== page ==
North Texas Daily

Smatresk discusses in-person plans, rising enrollment at Board of Regents meeting

Smatresk discusses in-person plans, rising enrollment at Board of Regents meeting

Smatresk discusses in-person plans, rising enrollment at Board of Regents meeting
August 15
11:35 2021

President Neal Smatresk reaffirmed the university’s commitment to in-person events and classes for the fall semester at the Aug. 12-13 Board of Regents meeting.

“We will be doing everything we know how to still have that full face-to-face experience,” Smatresk said. “We know for a fact that students are coming back to school because they expect in-person classes. They want networking. They want activities. They want events.”

Smatresk’s comments come as the university prepares for its first majority in-person semester since the start of the COVID-19 pandemic. As of Aug. 13, Denton County had 6,237 active COVID-19 cases, while Smatresk said there were currently 31 cases at the university at the time of the meeting. Smatresk blamed the new surge in cases on the increasing prevalence of the delta variant. 

As part of precautions against the virus, the university now mandates COVID-19 testing, though individuals with proof of vaccination can opt-out. While university administration will be making adjustments throughout the semester, Smatresk hoped the testing requirement will promote vaccination. He estimated between 80 and 90 percent of university employees are vaccinated. 

Smatresk said while he would be requesting students to wear masks, he cannot require them due to Gov. Greg Abbott’s executive order banning government entities from mandating masks. As the university is a public institution that receives state funding, it falls under the order.

On Aug. 12, the Denton City Council voted 5-2 to enact a new mask mandate. All commercial entities, city-operated buildings and Denton Independent School District K-12 schools and daycares must require face masks to be worn indoors. Denton joins a number of cities, counties and school districts acting in opposition to the governor’s orders. 

“This makes our lives more interesting,” Smatresk said. “We can now choose to defy the governor or defy the Denton City Council. We’re going to find ways to make sure students wear masks in their classes because if they’re vaccinated this will help keep people safe.”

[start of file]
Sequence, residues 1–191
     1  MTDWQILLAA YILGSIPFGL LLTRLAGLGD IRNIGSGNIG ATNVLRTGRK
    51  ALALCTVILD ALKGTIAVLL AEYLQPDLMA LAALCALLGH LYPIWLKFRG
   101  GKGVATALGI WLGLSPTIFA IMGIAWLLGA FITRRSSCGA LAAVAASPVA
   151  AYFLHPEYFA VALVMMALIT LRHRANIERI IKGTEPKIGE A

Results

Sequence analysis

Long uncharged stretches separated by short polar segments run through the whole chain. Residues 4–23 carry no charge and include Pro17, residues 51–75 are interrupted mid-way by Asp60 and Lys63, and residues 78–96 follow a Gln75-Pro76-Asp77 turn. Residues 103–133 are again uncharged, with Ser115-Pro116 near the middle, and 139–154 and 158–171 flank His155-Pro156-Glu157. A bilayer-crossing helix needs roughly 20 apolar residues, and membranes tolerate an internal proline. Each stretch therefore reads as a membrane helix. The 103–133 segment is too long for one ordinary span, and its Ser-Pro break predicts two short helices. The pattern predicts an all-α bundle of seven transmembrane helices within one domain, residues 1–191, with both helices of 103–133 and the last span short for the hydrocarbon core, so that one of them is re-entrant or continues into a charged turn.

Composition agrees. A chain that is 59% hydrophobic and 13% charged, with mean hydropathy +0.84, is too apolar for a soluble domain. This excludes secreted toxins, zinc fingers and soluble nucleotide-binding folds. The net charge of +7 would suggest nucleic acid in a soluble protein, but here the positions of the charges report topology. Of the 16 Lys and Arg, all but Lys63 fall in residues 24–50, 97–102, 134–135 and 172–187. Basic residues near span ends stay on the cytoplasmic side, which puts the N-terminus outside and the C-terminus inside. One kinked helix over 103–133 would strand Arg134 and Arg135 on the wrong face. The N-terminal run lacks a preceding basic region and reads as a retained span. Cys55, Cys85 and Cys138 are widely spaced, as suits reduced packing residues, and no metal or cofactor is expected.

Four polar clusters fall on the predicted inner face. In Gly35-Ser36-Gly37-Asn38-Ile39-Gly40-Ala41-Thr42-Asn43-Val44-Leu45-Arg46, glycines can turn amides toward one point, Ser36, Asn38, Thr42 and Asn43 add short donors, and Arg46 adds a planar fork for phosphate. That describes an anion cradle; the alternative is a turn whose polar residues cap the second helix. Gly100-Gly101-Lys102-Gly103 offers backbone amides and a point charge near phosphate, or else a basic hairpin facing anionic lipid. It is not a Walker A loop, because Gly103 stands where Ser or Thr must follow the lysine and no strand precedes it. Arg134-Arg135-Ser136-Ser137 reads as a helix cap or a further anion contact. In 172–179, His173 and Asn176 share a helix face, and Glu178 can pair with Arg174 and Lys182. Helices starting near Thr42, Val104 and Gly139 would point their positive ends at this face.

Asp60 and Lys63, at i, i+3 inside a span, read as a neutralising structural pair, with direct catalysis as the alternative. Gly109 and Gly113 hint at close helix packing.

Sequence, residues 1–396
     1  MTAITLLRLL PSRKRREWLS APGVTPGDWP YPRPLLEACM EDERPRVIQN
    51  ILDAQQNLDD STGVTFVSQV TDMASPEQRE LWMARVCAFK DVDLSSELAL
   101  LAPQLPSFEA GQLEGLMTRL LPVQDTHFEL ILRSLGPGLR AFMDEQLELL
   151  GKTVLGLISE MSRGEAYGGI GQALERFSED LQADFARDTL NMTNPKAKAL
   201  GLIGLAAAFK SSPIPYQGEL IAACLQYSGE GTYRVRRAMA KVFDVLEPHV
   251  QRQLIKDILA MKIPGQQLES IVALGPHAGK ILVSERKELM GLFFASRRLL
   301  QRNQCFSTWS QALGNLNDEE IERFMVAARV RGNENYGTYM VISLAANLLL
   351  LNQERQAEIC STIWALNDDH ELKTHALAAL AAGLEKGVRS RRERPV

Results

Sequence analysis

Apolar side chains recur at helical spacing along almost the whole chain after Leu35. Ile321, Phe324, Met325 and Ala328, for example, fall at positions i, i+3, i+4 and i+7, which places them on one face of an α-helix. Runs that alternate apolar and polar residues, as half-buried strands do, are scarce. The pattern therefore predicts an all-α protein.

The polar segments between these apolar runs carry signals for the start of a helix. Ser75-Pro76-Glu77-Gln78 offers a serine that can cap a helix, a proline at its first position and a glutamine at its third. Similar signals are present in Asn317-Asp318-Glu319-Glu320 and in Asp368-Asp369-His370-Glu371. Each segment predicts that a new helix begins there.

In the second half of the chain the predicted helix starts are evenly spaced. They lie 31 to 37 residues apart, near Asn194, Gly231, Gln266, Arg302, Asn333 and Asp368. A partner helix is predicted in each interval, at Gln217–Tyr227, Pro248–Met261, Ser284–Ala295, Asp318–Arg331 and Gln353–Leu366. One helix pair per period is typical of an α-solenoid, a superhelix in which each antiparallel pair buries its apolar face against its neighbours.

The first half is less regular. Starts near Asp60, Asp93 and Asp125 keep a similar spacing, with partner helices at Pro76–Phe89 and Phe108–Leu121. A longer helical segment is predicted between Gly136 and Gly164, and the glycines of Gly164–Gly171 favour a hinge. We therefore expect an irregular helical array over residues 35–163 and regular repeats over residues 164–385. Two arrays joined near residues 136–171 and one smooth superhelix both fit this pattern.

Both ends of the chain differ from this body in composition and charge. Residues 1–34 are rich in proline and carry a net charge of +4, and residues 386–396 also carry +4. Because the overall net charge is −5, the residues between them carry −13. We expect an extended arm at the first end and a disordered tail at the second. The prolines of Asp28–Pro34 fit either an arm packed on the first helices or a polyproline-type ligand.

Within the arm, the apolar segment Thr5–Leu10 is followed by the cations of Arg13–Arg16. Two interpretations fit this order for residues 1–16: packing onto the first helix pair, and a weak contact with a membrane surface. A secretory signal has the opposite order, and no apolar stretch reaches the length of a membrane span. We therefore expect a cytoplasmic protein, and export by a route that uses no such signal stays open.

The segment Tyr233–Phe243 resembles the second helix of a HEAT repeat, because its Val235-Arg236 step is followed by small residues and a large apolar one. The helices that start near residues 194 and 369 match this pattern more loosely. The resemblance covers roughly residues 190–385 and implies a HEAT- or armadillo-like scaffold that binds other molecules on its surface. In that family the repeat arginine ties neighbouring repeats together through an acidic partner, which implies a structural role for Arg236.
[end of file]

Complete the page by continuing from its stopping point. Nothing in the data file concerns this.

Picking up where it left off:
During the presentation, Smatresk also spoke on rising enrollment rates. According to the president, enrollment is up three percent from last year and the university is pushing 41,000 students. First-time students grew eight percent and enrollment in graduate programs grew 27 percent. 

Smatresk estimates on-campus residence at 110 percent with the increase in enrollment leading to waiting lists.

“We’re jammed,” Smatresk said. “Keep in mind, we’re taking College Inn offline. We’ve got more demand for residence halls than we’ve ever had, so it might be time for us to go into debt a little bit more, build a new residence hall.”

College Inn has been set for removal since earlier in the year, with talks of demolition first emerging back in February after the longtime dorm closed at the end of the Fall 2020 semester. Repairs were estimated to cost more than the building was worth. The project, projected to cost $2.5 million, will begin next month and is planned to end next June, per information presented at the meeting

Featured Image: UNT President Neal Smatresk listens to an audience member during presidential town hall on Feb. 20, 2020. Image by John Anderson

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Will Tarpley

Will Tarpley

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